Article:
Cybercrime ‘Highlights’ of First Quarter 2014

As a supplement to the next McAfee Labs Threats Report, which will appear next month, we offer this timeline of leading cybercrime events that made news in the first quarter of 2014.

2014 Q1 cybercrime timeline

  • January 2: A systems administrator at the Monju fast breeder reactor facility in Japan notices suspicious connections emanating from a machine in the control room, coinciding with what was meant to be a routine software update to a free media player.[1] Context names the attack, based on a Gh0st RAT variant, the Monju Incident.
  • January 6: McAfee Labs describes a new Pony botnet variant (Backdoor-FJW) that attempts to steal Bitcoin wallets from infected systems.[2]
  • January 16: Unknown hackers breach the Orange French website. Details of up to 800,000 customers of the multinational telecommunications company are compromised.[3]
  • January 17: Researchers at Qihoo 360 Dr.Web announce the first Android bootkit.  Android.Oldboot modifies a device’s boot partition and booting script file to launch a system service and extract a malicious application early in a system’s startup. Intended for Android devices in China, 92% of victims are located in this country.[4]
  • January 22: Romanian authorities arrest Guccifer, a 40-year-old hacker suspected of breaching the social media and email accounts of several high-level individuals, including members of the Bush and Rockefeller families, officials of the Obama administration, former US Secretary of State Colin Powell, and George Maior, the head of the Romanian Intelligence Service SRI.[5]
  • January 28: McAfee Labs reminds mobile users that scammers still target Japanese smartphones using apps (Android/BadPush, Android/OneClickFraud) that lead their owners to malicious one-click-fraud websites.[6] Other adult-oriented apps (Android/PhimSms) target Vietnamese users.[7]
  • February 4: Adobe releases an out-of-band security update addressing a critical remote code execution vulnerability, CVE-2014-0497, being exploited in the wild.[8]
  • February 4: German prosecutors arrest three suspects in the Netherlands. The alleged criminals are said to have stolen US$45 million from ATM machines in 27 countries between December 2012 and February 2013 by embezzling prepaid MasterCard debit card numbers.[9]
  • February 10: Kaspersky Labs announces the discovery of a large number of malware infections across large parts of the globe.[10] McAfee Labs also details the attack, called Careto.[11]
  • February 11: A new unpatched vulnerability, CVE-2014-0322, in Microsoft Internet Explorer 10 is found in the wild. FireEye announces it is actively exploited in a watering-hole attack (Operation SnowMan) targeting visitors to the official website of the US Veterans of Foreign Wars.[12]
  • February 13: FireEye identifies a zero-day Adobe Flash exploit, CVE-2014-0502, that affects the latest version of the player. The exploit is used in Operation GreedyWonk, which affects several nonprofit and research organizations.[13]
  • February 17: First discovered by Xylitol on January 15, researchers at Malwarebytes analyze a new variant of the banking Trojan ZeusVM. The crimeware uses the steganography to disguise its configuration code in a digital photo. The image contains data encrypted using Base64 encoding and RC4 and XOR encryption algorithms. The variant targets popular financial institutions including Barclays, Deutsche Bank, and Wells Fargo.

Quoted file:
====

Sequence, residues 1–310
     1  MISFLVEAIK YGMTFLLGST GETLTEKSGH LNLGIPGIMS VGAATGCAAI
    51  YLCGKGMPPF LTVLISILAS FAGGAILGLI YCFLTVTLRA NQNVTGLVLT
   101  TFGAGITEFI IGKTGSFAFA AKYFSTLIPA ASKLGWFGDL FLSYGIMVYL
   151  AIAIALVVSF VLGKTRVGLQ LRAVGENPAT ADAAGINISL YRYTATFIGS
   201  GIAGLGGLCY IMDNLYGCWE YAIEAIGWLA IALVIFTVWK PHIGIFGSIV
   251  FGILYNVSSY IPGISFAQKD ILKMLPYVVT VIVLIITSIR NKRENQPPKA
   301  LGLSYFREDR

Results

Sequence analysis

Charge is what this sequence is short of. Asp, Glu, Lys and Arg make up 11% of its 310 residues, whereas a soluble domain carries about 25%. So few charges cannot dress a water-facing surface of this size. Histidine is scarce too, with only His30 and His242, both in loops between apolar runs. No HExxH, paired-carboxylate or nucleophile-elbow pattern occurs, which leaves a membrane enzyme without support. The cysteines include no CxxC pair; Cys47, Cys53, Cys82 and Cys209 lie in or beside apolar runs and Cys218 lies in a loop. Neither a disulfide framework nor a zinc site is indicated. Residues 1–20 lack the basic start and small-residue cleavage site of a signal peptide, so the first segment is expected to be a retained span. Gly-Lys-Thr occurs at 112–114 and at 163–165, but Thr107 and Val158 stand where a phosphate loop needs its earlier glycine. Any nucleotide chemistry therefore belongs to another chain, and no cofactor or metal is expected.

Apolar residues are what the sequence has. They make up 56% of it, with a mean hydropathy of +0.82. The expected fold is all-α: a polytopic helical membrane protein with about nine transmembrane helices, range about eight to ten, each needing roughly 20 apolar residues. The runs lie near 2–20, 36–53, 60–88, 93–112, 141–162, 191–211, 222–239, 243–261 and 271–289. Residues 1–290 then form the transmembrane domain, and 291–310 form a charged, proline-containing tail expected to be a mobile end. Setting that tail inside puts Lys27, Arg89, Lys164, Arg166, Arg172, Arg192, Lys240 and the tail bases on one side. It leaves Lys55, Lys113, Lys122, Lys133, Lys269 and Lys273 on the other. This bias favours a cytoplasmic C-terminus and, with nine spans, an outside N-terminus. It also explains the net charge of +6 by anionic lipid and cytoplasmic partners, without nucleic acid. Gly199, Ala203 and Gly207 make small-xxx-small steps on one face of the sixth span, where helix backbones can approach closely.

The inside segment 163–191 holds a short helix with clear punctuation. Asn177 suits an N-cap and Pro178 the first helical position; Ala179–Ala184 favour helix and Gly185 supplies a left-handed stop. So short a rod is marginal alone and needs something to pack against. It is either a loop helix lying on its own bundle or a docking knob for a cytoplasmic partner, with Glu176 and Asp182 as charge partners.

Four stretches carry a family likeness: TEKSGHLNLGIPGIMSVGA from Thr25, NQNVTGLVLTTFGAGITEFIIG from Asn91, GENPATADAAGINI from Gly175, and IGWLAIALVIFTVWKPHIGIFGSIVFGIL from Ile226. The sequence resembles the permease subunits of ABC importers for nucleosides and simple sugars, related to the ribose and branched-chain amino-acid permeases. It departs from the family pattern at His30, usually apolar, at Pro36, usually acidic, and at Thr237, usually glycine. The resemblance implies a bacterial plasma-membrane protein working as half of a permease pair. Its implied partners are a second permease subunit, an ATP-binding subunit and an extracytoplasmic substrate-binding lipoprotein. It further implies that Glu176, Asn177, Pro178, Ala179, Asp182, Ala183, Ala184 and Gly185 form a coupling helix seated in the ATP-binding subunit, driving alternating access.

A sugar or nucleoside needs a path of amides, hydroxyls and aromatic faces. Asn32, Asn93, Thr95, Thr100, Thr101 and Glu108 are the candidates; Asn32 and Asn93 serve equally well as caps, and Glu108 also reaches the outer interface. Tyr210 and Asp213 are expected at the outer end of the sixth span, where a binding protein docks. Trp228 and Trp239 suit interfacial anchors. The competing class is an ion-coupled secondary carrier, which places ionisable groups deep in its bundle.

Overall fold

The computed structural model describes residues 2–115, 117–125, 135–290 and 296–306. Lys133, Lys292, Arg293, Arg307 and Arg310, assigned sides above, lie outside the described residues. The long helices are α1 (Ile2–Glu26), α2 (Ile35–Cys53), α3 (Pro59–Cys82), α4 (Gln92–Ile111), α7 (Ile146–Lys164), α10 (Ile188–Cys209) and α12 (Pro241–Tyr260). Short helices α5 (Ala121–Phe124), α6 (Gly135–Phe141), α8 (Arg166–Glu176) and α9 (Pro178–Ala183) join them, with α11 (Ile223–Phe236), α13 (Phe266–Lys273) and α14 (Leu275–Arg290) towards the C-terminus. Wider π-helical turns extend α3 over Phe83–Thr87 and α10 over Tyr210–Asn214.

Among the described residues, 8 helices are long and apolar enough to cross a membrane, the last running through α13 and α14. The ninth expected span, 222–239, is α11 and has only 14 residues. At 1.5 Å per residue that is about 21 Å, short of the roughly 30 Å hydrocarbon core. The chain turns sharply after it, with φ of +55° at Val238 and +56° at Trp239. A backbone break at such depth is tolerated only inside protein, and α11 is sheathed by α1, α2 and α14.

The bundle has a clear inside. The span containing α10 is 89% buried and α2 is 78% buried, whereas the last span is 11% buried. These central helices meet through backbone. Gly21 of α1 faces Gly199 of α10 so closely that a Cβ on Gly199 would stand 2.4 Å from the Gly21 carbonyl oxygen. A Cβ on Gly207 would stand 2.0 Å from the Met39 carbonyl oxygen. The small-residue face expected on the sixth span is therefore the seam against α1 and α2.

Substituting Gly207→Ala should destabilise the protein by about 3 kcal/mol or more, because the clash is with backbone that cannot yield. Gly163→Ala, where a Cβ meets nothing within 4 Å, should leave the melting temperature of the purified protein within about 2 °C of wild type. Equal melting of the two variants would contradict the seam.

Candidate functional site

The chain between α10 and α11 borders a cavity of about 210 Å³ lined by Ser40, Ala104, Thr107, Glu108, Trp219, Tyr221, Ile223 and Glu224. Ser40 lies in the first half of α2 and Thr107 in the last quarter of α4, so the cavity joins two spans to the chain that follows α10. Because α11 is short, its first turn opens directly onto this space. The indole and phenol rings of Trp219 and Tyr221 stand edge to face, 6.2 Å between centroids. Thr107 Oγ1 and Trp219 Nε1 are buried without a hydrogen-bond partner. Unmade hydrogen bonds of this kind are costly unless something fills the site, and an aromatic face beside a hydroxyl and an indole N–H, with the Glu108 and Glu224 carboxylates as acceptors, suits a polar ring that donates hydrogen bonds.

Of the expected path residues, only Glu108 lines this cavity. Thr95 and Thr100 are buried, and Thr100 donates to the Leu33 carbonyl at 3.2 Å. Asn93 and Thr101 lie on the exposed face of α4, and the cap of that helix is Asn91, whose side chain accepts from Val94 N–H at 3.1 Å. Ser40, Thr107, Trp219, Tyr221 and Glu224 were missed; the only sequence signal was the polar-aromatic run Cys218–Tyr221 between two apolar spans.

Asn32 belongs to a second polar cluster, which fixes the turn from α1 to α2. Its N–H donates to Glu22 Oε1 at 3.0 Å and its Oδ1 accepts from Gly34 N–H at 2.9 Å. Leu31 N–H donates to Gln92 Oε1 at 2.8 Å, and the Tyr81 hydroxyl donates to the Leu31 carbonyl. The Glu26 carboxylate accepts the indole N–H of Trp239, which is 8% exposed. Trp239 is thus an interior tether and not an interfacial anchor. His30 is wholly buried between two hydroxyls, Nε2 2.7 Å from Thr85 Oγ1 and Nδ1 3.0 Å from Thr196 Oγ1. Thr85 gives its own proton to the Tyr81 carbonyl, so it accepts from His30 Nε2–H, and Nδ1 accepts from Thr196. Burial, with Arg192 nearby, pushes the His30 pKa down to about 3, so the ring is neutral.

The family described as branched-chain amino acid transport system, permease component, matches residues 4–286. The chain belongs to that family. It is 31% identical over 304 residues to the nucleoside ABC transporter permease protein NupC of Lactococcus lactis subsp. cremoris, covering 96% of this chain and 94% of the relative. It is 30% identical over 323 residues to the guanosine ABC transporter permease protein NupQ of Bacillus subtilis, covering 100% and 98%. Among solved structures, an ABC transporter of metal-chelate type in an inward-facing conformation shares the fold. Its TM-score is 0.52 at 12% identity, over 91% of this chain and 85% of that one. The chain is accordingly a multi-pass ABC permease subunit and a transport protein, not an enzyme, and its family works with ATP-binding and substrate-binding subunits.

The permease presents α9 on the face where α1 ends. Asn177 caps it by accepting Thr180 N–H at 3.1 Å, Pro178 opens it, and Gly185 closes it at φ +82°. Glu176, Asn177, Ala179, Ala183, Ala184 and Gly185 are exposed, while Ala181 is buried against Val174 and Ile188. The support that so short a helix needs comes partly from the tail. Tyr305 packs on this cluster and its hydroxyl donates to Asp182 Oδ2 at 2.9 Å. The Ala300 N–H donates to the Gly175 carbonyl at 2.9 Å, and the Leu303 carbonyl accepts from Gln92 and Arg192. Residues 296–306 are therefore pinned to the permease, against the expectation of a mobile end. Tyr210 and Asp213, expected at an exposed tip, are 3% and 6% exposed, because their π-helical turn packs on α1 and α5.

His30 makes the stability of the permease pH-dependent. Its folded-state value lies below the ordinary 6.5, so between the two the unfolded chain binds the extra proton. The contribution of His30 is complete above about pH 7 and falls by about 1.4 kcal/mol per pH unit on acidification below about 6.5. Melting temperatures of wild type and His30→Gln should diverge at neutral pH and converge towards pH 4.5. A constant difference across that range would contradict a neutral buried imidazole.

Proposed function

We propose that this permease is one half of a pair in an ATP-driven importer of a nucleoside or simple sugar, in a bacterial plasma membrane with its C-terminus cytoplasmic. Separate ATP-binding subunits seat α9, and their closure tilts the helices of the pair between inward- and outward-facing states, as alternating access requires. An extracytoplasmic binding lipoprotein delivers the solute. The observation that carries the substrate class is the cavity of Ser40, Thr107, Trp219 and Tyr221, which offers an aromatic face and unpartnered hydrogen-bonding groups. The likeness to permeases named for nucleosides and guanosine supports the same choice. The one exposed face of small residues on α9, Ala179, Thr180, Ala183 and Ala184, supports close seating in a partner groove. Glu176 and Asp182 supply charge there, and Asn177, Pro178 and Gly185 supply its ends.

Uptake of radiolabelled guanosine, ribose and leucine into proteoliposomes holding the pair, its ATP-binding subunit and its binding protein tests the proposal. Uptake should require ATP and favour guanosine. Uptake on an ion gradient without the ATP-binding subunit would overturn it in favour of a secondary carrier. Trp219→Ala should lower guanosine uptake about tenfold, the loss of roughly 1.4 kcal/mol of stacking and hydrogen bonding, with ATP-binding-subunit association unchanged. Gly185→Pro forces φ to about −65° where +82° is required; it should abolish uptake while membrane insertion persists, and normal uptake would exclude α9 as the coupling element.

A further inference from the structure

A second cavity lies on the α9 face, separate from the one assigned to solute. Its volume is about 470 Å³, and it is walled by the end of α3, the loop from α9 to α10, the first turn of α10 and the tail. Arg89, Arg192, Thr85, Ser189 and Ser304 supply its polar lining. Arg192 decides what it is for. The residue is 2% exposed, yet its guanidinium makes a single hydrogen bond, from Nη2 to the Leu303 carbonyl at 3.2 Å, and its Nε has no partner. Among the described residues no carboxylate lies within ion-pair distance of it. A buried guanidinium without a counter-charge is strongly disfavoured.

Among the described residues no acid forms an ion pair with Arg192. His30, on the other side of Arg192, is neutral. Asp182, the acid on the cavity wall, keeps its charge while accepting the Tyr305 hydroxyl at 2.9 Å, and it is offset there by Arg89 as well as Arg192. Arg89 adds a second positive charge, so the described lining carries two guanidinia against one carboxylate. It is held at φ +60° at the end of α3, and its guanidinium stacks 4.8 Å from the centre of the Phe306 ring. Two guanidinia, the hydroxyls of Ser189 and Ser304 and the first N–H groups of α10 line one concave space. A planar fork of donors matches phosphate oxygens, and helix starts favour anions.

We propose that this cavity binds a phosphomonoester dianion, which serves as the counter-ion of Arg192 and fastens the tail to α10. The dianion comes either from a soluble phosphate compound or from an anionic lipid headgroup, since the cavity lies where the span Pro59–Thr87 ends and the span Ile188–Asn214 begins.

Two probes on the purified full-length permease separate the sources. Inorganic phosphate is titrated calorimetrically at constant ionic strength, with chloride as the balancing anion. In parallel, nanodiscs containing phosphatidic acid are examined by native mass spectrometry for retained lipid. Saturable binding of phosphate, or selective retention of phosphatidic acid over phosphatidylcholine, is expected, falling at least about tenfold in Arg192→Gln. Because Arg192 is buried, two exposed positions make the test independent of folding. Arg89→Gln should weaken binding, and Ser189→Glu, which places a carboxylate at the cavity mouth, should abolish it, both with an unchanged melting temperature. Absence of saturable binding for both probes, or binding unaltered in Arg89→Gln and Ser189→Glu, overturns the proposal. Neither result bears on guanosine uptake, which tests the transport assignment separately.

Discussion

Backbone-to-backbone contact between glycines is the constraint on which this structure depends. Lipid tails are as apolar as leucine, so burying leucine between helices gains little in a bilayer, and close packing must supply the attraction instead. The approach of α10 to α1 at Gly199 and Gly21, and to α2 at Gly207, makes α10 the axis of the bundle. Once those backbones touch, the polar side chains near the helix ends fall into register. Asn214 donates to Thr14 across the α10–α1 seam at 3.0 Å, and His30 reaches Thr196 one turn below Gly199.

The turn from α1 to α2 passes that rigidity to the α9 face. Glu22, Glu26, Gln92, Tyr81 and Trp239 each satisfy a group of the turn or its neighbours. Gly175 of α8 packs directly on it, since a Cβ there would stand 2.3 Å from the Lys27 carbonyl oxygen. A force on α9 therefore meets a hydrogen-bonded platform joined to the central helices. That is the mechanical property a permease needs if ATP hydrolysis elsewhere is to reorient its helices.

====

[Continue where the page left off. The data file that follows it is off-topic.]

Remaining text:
• February 28: Security experts at G Data say they have discovered a very complex and sophisticated rootkit designed to steal confidential data and exfiltrate them from targeted organizations. Uroburos takes its name from a mythical serpent or dragon that ate its own tail and from a sequence of characters concealed deep within the malware’s code: Ur0bUr()sGotyOu#. The authors appear to speak Russian and are from the same group that performed a cyberattack against the United States in 2008.[14]
  • March 3: A McAfee Labs researcher describes Android/BadInst.A, a suspicious app on Google Play that almost automatically downloads, installs, and launches other apps from Google Play without user interaction.[15]
  • March 3: Researchers at Team Cymru publish a white paper about a pharming attack hitting thousands small office/home office wireless routers around the world. Exploiting various vulnerabilities in more than 300,000 routers (Asus, D-Link, Cisco, Linksys, Micronet, Netgear, Tenda, TP-Link) to overwrite the DNS settings, the attackers redirected traffic to their sites and domains.[16]
  • March 8: Cybercriminals take advantage of the disappearance of Malaysia Airlines Flight 370 to infect users with malware in scam messages.
  • March 11: Russian-Moroccan hacker Farid Essebar, known online as Diabl0, is arrested in Bangkok.[17] He is suspected to have compromised computer systems and websites belonging to Swiss banks, causing damage of more than US$4 billion. Essebar was arrested in August 2005 for offenses related to the creation and distribution of W32/Zotob and was sentenced to two years in prison.[18]
  • March 20: Microsoft warns of a zero-day vulnerability, CVE-2014-1761, in Word that is being actively exploited in targeted attacks and was discovered by the Google security team. This remote code execution vulnerability can be exploited via a malicious rich text format file.[19]


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